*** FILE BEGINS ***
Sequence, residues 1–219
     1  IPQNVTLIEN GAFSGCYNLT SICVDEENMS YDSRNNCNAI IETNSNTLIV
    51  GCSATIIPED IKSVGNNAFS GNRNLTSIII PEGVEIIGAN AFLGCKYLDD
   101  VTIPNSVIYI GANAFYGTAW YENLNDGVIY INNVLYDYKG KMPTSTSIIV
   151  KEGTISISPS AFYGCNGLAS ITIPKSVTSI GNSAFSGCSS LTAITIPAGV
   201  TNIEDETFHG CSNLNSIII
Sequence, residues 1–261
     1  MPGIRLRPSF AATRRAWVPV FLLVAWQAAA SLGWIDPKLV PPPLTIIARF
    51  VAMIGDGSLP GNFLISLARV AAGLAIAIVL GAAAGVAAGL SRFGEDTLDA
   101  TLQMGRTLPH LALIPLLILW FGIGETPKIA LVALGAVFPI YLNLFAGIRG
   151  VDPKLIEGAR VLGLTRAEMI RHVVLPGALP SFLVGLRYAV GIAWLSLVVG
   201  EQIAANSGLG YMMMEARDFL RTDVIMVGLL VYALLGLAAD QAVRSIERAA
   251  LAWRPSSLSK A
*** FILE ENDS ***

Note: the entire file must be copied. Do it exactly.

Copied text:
Sequence, residues 1–219
     1  IPQNVTLIEN GAFSGCYNLT SICVDEENMS YDSRNNCNAI IETNSNTLIV
    51  GCSATIIPED IKSVGNNAFS GNRNLTSIII PEGVEIIGAN AFLGCKYLDD
   101  VTIPNSVIYI GANAFYGTAW YENLNDGVIY INNVLYDYKG KMPTSTSIIV
   151  KEGTISISPS AFYGCNGLAS ITIPKSVTSI GNSAFSGCSS LTAITIPAGV
   201  TNIEDETFHG CSNLNSIII
Sequence, residues 1–261
     1  MPGIRLRPSF AATRRAWVPV FLLVAWQAAA SLGWIDPKLV PPPLTIIARF
    51  VAMIGDGSLP GNFLISLARV AAGLAIAIVL GAAAGVAAGL SRFGEDTLDA
   101  TLQMGRTLPH LALIPLLILW FGIGETPKIA LVALGAVFPI YLNLFAGIRG
   151  VDPKLIEGAR VLGLTRAEMI RHVVLPGALP SFLVGLRYAV GIAWLSLVVG
   201  EQIAANSGLG YMMMEARDFL RTDVIMVGLL VYALLGLAAD QAVRSIERAA
   251  LAWRPSSLSK A